Students are set in competition with one another, with established standards and with themselves, and are regularly forced to sit written examinations to evaluate how much they can remember or know, about any particular subject. Taking exams dictates the passage of a child’s education and establishes the benchmark against which young people are judged, and by extension often judge themselves. Using tests as a way of assessing a person’s ability and knowledge is archaic; sitting exams exerts colossal pressure, and although some may be able to cope and ‘do well’ the majority feel suffocated.

In Britain, the National Society for the Prevention of Cruelty to Children (NSPCC) relates that in 2016/17 Childline delivered “3,135 counseling sessions on exam stress – a rise of 11% over the past 2 years.” Children aged between 12 and 18 reported that exam stress was causing “depression and anxiety, panic attacks, low-self-esteem, self harming and suicidal thoughts.” This pattern is common in many developed and developing countries, where ideologically-driven corporate governments obsessed with trade, continue to pursue methods, that are, by design, detrimental to the well being of children.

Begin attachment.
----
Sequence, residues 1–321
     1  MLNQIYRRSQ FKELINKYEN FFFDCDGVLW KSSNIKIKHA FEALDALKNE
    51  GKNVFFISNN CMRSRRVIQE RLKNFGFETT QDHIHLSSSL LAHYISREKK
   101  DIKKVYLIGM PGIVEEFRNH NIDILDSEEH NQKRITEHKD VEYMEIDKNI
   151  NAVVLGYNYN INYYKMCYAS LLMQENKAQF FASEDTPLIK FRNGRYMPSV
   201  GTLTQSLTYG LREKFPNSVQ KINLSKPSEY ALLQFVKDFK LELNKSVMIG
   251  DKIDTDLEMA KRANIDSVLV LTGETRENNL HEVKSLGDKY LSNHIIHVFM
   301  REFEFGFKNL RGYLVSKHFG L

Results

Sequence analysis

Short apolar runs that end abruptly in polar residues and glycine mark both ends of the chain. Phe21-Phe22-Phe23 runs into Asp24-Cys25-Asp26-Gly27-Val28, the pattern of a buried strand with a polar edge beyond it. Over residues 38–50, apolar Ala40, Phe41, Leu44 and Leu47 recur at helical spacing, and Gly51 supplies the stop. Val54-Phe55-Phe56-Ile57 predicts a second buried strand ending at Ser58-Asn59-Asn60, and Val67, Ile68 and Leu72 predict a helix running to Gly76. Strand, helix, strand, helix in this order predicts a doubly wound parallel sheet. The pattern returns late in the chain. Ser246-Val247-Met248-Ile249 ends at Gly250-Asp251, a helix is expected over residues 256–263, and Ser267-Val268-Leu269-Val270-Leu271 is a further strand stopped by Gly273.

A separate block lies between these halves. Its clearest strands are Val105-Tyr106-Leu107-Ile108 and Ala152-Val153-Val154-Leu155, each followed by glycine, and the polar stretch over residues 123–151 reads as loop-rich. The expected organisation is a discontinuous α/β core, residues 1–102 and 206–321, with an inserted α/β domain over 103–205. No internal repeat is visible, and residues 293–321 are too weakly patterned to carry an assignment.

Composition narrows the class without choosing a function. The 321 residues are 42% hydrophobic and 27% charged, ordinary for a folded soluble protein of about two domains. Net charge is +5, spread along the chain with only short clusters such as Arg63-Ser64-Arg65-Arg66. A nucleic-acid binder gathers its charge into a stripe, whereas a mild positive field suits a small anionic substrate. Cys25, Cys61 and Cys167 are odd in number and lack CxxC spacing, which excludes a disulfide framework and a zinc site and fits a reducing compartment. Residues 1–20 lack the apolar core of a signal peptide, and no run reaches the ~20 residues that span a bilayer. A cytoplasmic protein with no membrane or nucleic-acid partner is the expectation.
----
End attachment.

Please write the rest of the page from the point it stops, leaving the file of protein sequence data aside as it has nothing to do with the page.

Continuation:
Instead of policies rooted in competition, cooperation and sharing need to be encouraged in all aspects of education and standardized exams consigned to the past. The educational environment needs to be one in which children are encouraged to support each other, to share their own particular gifts with the group and build a sense of social responsibility. Many teachers naturally employ such inclusive methods, but working within divisive systems, which promote individual success, conformity and competition, their efforts are often frustrated.